Sigh for a Merlin  [0947554831]

Sigh for a Merlin
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Date Added: Tuesday 11. August, 2009
Book Review by Guy Warner

Spitfire – a Test Pilot’s Story by Jeffrey Quill, 335 pages SB, 44 B&W photographs, 18 line drawings, Crécy Classic £10.95, ISBN 978-0-947554-72-9

Sigh for a Merlin – Testing the Spitfire by Alex Henshaw, 240 pages SB, 52 B&W photographs, 3 maps & diagrams, Crécy Classic £10.95, ISBN 978-0-947554-83-5

A previous reviewer of Sigh for a Merlin advises, “If you only buy one Spitfire book, make this it.” I could not agree less – if your education and enjoyment is to be complete you must have both of these books. These are war stories and memoirs with a difference, far and away from the run of the mill. They dovetail beautifully, much as the roles of Quill and Henshaw also did. Quill, who had learned to fly in the “best flying club in the world” the pre-war RAF, was the dedicated professional and development test pilot supreme who contributed mightily in turning “a single-seater flying machine of extremely good performance, very sweet to fly with no vices, into a fighter supreme that was capable of the most astounding development from the Mk 1 to the Mk 47.” Henshaw was a pre-war amateur racing and record breaking aviator of almost breathtaking natural flying ability and volatile temperament, who knuckled down to become a highly organised production test pilot, ensuring that each Spitfire leaving the vast Castle Bromwich works was ready to fly and to fight. He tested personally more than 3000 Spitfires, while Quill flew every of the 52 marks, sub-types and variants from the prototype K5054 in 1936 to NN664, the first Spiteful, in 1945. It is obvious from the text that apart from a mutual liking and friendship, Quill respected Henshaw’s incredible piloting skills and that Henshaw looked up to Quill as a man and airman. It would have been marvellous to see Henshaw display a Spitfire – if he impressed Jeffrey Quill, that’s more than good enough for me. He even had time to found the Castle Bromwich Pig Club on the side and successfully rolled more than one Lancaster. Quill knew the Spitfire back to front but could still be surprised now and then – see page 106 for the mysterious knocking story!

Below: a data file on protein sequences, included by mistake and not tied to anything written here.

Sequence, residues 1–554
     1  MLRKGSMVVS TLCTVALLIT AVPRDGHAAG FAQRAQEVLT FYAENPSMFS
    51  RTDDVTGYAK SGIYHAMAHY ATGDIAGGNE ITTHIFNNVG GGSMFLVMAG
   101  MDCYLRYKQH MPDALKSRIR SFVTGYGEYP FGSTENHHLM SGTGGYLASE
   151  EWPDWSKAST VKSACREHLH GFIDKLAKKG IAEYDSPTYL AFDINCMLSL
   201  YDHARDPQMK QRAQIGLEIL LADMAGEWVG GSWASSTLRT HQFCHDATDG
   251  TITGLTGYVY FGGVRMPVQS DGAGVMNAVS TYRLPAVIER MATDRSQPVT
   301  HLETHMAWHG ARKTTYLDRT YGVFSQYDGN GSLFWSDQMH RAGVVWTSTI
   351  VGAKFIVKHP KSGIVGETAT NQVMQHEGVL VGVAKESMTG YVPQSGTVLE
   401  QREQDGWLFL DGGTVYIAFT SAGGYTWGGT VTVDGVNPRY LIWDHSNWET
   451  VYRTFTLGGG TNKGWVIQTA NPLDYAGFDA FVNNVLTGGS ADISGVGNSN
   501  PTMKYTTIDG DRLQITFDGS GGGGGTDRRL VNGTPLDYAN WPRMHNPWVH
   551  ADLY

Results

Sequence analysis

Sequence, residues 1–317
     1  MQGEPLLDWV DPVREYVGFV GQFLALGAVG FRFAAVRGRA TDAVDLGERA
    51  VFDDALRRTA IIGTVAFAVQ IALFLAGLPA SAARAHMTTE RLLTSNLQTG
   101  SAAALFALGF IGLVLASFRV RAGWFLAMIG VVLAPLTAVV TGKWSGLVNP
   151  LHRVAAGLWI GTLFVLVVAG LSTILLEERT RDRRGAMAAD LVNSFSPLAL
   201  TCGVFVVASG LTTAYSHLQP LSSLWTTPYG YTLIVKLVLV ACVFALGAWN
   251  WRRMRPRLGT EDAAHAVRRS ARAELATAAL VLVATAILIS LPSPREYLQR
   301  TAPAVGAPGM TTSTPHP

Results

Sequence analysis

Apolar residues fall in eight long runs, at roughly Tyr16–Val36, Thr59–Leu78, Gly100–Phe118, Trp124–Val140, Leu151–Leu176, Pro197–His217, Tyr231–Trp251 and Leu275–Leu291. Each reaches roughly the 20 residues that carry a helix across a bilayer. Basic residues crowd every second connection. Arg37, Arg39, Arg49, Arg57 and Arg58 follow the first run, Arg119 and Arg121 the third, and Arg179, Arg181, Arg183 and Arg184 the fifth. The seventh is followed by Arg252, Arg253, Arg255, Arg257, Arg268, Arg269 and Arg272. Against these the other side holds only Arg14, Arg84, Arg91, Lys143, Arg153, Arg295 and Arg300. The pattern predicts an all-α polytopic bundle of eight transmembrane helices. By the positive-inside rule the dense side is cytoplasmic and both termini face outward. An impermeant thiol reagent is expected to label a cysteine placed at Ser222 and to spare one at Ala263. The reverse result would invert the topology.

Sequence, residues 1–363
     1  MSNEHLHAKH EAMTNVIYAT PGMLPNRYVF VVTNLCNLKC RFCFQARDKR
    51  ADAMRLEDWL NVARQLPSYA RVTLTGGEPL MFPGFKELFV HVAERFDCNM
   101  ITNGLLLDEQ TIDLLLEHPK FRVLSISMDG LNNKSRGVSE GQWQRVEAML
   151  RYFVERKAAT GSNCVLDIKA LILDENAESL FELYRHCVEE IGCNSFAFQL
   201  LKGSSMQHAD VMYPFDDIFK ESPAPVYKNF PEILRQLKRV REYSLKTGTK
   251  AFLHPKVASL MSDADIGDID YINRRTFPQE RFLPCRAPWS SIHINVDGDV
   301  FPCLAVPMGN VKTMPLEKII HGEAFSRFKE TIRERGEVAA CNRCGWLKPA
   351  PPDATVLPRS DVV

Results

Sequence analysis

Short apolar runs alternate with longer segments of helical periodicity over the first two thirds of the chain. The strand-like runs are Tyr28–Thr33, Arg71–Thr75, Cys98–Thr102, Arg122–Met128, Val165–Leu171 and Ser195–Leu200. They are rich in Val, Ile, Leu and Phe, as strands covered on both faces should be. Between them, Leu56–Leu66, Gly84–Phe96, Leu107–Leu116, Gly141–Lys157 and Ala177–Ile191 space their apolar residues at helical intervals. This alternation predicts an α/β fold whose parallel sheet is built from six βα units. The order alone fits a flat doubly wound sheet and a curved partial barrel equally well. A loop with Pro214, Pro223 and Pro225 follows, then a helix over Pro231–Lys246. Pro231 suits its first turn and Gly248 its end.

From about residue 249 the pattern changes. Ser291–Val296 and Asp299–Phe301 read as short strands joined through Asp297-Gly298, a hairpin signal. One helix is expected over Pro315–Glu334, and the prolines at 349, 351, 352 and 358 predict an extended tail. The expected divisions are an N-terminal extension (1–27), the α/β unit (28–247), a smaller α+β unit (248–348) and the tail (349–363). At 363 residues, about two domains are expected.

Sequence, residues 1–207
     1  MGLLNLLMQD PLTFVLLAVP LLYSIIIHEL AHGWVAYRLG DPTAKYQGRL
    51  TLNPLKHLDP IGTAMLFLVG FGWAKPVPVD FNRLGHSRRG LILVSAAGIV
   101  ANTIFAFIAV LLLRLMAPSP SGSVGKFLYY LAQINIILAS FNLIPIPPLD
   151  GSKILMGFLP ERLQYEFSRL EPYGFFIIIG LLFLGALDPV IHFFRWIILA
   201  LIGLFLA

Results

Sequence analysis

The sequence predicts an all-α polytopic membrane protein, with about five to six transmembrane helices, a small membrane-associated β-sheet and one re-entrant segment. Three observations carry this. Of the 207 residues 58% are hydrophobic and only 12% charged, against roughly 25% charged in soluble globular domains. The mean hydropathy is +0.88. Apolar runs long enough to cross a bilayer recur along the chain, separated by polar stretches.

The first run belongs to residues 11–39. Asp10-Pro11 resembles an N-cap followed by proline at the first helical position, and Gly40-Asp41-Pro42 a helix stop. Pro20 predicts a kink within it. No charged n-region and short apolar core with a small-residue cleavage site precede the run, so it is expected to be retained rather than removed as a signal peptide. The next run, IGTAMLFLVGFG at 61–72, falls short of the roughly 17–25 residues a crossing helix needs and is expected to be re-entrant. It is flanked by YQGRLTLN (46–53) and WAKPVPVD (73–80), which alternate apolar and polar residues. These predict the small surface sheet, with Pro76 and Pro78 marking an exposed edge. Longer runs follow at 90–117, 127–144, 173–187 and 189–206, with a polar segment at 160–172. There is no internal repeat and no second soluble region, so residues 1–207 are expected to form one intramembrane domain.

So too do the styles of writing contrast and complement each other; Henshaw’s book is more lyrical, evocative and even poetic, conveying his sense of enjoyment but also of dedication to the task; while Quill treats the reader to the full story of the Spitfire set against its historic, military and technical context. His communication skills are first rate. He explains technical matters very well; for example, the aileron problem but does not insult the reader’s intelligence by dumbing it down. I enjoyed both books immensely; they were a privilege to read. Henshaw’s book also features excellent and insightful forewords from Quill and Air Marshal Sir John Allison, while Sir George Edwards does the honours for Quill.

The official recognition received by both was nothing short of derisory; Quill was awarded the OBE and Henshaw the MBE. A knighthood and a CBE would not have come amiss.

The publishers, Crécy, are to be highly congratulated for producing these re-issues to such a high standard of reproduction at such a reasonable price.

In summary, your aviation bookshelf will be sadly lacking if space is not found for both of these titles.
Rating: 5 of 5 Stars! [5 of 5 Stars!]
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